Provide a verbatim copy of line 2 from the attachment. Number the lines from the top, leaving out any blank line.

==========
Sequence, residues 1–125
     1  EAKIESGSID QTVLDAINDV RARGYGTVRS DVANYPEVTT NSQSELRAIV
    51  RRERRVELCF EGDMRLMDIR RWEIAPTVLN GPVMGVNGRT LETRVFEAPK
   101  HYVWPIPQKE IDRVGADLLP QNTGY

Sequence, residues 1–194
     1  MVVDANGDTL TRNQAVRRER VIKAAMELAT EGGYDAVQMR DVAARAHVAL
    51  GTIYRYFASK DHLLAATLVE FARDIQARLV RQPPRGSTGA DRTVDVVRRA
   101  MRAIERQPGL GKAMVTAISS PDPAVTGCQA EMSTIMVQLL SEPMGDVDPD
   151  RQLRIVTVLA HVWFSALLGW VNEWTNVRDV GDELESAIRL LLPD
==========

     1  EAKIESGSID QTVLDAINDV RARGYGTVRS DVANYPEVTT NSQSELRAIV